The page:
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Government should ensure affordable internet access to promote economic growth: OUTA

Neelam Rahim |

3-minute read
14 September 2023 | 14:07 CAT

Image: Google

The Organisation Undoing Tax Abuse has comprehensively submitted the Draft White Paper on Audio and Audio-visual Content Services Policy to the Department of Communications and Digital Technologies. OUTA says the proposed policy could increase internet and on-demand content service charges, which a country with a 33% unemployment rate can ill afford. OUTA believes finding a different funding model for the SABC would be better.

Draft White Paper on Audio and Audio-visual Content Services Policy (AAVCS) aims to align South Africa with international trends in which streaming services provide content for viewers.

Rachel Fischer, OUTA’s Parliamentary Engagement and Research Manager, said, “the policy not only seeks to modernize how content services are made available, how it’s managed and the how the revenue works but also to look at other ways in which the SABC as a National broadcaster more viable and to ensure that quality information reaches the public.”

However, OUTA wants to ensure that citizens are informed about proposed changes in media policy that could affect them.

“We believe in the importance of transparency in policies and their potential effects on citizens’ daily lives,” says OUTA.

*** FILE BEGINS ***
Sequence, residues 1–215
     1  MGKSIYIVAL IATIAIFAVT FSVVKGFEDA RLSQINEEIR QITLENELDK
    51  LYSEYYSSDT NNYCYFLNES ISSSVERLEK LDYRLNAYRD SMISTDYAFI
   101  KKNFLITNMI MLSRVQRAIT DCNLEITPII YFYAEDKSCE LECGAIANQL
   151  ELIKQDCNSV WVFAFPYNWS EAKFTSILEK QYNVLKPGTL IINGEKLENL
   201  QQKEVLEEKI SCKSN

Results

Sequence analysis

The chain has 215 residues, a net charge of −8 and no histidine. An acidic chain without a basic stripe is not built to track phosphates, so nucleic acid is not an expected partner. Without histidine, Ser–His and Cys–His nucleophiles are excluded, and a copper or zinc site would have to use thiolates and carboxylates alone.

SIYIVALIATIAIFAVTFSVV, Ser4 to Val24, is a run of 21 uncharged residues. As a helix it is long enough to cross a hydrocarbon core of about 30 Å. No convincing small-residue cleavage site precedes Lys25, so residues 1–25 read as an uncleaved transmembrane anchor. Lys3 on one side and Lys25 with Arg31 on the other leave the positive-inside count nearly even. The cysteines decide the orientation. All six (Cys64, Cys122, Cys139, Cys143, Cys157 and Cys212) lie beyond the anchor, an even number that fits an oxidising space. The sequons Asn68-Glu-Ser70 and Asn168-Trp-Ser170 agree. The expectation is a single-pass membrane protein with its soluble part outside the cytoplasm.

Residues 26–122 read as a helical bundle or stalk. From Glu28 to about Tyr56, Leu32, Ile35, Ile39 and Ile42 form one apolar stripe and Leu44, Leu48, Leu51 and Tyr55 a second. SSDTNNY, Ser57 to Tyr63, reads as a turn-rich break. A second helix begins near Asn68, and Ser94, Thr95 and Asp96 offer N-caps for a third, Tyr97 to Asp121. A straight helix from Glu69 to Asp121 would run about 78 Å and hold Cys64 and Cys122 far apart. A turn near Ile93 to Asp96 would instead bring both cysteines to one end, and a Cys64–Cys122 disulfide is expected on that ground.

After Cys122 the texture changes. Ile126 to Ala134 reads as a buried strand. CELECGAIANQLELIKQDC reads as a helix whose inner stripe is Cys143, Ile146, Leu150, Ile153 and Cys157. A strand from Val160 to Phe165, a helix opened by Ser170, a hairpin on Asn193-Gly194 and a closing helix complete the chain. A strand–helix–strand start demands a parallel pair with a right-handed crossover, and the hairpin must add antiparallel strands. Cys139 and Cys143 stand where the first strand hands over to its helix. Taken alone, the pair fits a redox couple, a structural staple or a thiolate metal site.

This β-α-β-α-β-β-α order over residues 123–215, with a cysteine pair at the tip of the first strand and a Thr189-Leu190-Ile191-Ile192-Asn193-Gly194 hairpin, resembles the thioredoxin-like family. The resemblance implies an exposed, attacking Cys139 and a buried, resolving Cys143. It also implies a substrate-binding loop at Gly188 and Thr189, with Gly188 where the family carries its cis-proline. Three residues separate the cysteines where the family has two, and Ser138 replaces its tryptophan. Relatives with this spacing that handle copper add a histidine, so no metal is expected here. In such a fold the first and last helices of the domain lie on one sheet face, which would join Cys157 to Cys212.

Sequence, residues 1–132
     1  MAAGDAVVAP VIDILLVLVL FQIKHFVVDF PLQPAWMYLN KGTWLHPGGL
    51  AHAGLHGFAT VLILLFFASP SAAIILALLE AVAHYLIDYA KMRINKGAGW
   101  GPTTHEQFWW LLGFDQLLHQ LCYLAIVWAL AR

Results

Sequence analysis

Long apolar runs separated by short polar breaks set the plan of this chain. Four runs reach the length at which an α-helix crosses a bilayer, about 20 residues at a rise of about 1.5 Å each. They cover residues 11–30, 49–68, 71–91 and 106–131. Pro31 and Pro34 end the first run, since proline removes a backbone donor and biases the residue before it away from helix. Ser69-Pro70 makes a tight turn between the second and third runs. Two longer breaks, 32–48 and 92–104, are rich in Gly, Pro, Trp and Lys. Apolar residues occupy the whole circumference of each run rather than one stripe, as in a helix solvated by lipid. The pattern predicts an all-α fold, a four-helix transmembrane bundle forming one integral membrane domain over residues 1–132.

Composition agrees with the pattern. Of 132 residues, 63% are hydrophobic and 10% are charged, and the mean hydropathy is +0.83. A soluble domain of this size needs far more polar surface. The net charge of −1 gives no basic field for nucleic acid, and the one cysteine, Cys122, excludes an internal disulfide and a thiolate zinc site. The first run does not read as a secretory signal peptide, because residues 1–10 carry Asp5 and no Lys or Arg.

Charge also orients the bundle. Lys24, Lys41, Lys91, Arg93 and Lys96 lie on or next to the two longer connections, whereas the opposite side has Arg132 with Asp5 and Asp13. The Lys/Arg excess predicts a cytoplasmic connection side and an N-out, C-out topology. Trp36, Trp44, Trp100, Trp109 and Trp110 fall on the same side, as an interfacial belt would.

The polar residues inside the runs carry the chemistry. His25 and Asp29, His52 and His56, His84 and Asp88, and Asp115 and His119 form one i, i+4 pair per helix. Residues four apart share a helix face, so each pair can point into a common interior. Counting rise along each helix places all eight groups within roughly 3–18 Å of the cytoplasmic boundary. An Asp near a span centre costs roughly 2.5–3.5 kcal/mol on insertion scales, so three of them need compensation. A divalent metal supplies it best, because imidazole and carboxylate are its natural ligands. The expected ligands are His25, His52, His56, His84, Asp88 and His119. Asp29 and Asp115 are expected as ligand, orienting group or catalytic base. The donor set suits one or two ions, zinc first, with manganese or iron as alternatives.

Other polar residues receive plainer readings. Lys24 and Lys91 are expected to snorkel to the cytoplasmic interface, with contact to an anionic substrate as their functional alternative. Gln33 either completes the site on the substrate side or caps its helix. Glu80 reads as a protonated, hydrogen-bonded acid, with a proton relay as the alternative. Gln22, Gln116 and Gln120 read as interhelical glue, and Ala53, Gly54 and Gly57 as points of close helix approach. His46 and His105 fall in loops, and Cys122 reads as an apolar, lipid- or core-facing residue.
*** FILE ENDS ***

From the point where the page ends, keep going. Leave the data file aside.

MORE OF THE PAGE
OUTA said while the government considers significant media and content service policy changes. These changes could influence citizens’ access to content, taxation, and the state of media services in the country.

“These proposed changes have the potential to affect citizens’ finances, access to information, and the quality of media services they receive. It’s essential for citizens to understand the potential implications.”

“There is a need for a public broadcaster and some of its funding needs to come from levies or general tax allocations, however, the question is how much and why and where does oversight of this lie. The best practice would be that SABC becomes financially viable as a broadcaster of choice and not a necessity. The notion of switching the failed TV licence revenue mechanism to other commercial broadcasters or live streaming entities or adding a tax to the sale of electronic devices is also not a solution in our view, as it has other unintended consequences and these items are already taxed through business taxes, VAT and import duties. OUTA argues that the SABC needs to find a new funding model,” says OUTA’s submission.

Fischer emphasizes that “OUTA is not opposed to the white paper and supports the SABC keeping up with global trends and modernizing its processes, but we have concerns about the transition, tax implications, and SABC’s ability to function as a state-owned entity.”

Listen to the full interview on Your World Today with Moulana Junaid Kharsany.


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